Those infinitely patient saints who read all my ramblings know that over the past year I have been obsessed with the gradual disappearance of Mexico’s second-largest lake, Lake Cuitzeo, just north of my home city of Morelia. This lake, with a surface area of up to 150 square miles in good years, is my go-to site for dozens of waterfowl and shorebird species, so I take its health personally. It is also a vital wintering and migratory site for most of these species, so I imagine they take its health very personally, as well.

Each of the dark marks in this photo from August, 2018 was a duck.

There were lots of gulls and terns in November of the same year, as well.

But mostly, there was just lots and lots of water.

And yet, less than halfway through our 2020-2021 winter dry season, Lake Cuitzeo had essentially dried up. Something like 5% or less of the lake managed to hold onto a few inches of water, which was enough to keep some smaller shorebirds around. But such a shallow water depth doesn’t work for our many duck species, and these, along with most gulls, terns, grebes, and larger shorebirds, were nowhere to be seen after the first two weeks of January. In a normal year, I would report thousands of individual ducks at the lake from February through April; this year, I reported none. I am sure this means millions of individual birds were displaced by this drought event.

Most of the lake looked like this by the 1st of March.

Even a view of the lake’s center didn’t look much better.

You might think this concentration of Stilt Sandpipers, and a few other shorebirds, was a good thing. But it actually showed the extreme crowding, into the very small remaining area of water, of birds that should have been spread over many dozens of square miles.

The good news is that this summer central Mexico is experiencing its best rains since 2018. Even the American Southwest is benefitting from our newly-abundant monsoon rains, with Arizona and New Mexico now mostly out of the “exceptional drought” category. Down here, it’s green as far as the eye can see. So I had high hopes I might find signs of Lake Cuitzeo’s waters returning when I headed there last week.

What I found was not entirely encouraging, but it was surprising. In years with abundant summer rains, all of Lake Cuitzeo makes it through our dry season intact. In “normal” dry years, the lake’s eastern half, fed by several rivers, remains almost full; but not enough water makes it through the spillways of two roads crossing the lake to prepare the western lake for the long, dry winter, and this dries up completely.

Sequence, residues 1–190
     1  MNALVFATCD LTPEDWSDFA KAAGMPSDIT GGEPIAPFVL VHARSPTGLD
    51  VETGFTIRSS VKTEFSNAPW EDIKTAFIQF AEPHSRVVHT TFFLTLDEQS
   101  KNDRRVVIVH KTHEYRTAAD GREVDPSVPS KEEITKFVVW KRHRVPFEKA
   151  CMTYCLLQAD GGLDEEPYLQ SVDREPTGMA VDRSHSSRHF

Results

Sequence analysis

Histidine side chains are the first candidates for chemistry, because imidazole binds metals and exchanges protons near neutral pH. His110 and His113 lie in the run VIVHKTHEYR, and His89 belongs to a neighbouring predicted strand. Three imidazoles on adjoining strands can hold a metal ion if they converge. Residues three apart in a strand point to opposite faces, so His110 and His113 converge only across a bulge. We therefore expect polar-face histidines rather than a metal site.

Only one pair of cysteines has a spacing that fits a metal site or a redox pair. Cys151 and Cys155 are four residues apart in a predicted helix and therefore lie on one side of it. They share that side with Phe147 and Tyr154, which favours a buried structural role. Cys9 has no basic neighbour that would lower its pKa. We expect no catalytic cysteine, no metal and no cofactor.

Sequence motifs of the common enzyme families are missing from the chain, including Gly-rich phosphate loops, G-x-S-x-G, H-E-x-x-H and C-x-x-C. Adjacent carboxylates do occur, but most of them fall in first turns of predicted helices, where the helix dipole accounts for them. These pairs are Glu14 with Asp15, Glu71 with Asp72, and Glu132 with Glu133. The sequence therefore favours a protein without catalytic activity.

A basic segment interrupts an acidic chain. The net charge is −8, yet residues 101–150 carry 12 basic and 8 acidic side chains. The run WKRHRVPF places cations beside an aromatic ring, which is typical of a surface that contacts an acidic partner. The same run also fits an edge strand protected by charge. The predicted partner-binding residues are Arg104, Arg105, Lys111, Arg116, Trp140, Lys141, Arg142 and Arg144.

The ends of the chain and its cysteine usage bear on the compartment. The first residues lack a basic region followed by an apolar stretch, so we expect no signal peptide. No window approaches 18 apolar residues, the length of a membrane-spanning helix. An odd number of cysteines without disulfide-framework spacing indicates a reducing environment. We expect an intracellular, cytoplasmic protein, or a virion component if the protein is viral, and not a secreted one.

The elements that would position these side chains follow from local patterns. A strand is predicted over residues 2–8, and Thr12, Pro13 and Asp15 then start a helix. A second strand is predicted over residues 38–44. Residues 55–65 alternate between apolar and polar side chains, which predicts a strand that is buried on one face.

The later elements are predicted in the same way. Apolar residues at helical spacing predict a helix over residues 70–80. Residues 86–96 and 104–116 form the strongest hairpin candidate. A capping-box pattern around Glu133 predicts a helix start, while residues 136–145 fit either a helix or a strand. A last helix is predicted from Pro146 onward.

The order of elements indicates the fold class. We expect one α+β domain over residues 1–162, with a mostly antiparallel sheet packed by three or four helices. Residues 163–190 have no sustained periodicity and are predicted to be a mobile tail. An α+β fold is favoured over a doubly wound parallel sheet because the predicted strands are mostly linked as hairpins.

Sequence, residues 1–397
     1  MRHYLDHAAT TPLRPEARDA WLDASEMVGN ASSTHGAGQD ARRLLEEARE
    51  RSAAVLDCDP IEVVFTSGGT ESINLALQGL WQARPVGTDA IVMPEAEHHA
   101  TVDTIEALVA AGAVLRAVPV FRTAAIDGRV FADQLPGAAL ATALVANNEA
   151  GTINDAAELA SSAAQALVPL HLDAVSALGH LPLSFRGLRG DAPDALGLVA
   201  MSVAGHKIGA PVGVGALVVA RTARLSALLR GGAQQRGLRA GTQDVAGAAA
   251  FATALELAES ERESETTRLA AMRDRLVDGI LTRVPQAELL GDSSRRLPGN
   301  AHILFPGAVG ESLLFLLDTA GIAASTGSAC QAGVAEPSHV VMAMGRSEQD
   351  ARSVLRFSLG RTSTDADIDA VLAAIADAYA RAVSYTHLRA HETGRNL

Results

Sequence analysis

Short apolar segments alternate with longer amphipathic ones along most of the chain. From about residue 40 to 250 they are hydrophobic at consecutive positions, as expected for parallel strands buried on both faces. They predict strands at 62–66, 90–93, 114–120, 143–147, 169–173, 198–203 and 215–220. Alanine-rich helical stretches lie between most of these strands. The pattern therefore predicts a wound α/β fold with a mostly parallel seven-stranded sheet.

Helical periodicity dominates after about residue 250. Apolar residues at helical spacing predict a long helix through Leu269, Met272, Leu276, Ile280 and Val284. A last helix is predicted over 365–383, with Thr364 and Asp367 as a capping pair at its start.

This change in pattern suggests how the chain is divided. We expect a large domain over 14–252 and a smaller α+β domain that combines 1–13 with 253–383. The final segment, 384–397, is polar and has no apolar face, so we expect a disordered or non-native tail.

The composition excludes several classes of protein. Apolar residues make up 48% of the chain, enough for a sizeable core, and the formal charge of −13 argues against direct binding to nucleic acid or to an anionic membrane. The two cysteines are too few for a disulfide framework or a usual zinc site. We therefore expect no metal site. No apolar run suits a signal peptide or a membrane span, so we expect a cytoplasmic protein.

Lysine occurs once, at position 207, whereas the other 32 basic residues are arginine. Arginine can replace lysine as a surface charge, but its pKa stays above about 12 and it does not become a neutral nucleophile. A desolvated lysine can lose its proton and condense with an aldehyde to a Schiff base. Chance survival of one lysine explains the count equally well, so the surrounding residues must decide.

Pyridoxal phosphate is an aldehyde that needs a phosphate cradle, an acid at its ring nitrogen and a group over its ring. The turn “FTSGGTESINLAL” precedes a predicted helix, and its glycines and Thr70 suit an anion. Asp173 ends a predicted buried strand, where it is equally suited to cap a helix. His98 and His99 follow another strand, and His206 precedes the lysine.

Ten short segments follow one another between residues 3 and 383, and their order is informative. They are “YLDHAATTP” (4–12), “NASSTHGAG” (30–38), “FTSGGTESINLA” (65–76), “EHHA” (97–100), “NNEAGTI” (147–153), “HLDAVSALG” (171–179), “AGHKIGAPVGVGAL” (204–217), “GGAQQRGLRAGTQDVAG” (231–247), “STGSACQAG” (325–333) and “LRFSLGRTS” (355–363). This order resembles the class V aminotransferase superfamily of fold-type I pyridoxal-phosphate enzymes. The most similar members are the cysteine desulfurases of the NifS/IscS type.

But it turns out that when the entire lake dries up (which has apparently only happened three times in the the past century), direct rainfall impacts the lake more quickly than incoming river water can. So, for the moment, the lake’s western half is wetter than the eastern half. There is no water yet around the eastern non-toll road. After getting to know the lake’s normal cycles quite well, I find it surprisingly disorienting.

This view, to the west of the toll road, shows what is normally the driest part of the lake.

This greenish tone suggests there is more algae in the waters to the east of the toll road. I suspect these waters are shallower.

And are the birds returning with the water? Actually, at this point, not so much.

Oh, look! They’re riding horses on my lake.

My outing’s total count for water-dependent waterfowl, shorebirds, herons, gulls, and terns (I’m leaving land-loving Cattle Egrets out of this count) was around 120; the count for a similar date in 2018 was around 2000 individuals. I had never seen so little life at the lake.

Still, there were a few good signs. While numbers were low, our first migratory Baird’s Sandpipers and Wilson’s Phalaropes had arrived from their breeding grounds up north, right on time. A single Laughing Gull turned up in his breeding plumage, several months early. An immature White-tailed Hawk wheeled overhead, many miles north of where they can usually be seen locally. And a lakeside Cactus Wren revealed what’s for lunch, showing that the circle of life continues, whether it rains or not.

I feel a bit guilty when I share with my nature-loving sister the news about our rains’ return this summer. She lives in the San Francisco Bay Area, and will not know until fall if their drought will also give way this year. So I also send my sympathy to 10,000 Birds’ readers along the U.S. west coast, Pacific Northwest, and western Canada. I dearly hope the second half of 2021 brings you good news, and that we can all soon get back to sharing abundant water-loving wildlife.

Written by Paul Lewis
Paul Lewis moved from California to Mexico in 1983. He lived first in Mexicali, and now lives in the historic city of Morelia (about halfway between Guadalajara and Mexico City), where he and his wife pastor a small church. He is the author of an internationally distributed book in Spanish about family finances and has recorded four albums in Spanish of his own songs. But every Monday, he explores the wonderful habitats and birds found within an hour of his house, in sites which go from 3,000 to 10,000 feet of altitude. These habitats include freshwater wetlands, savannah grasslands, and pine, oak, pine/oak, pine/fir, cloud, and tropical scrub forests.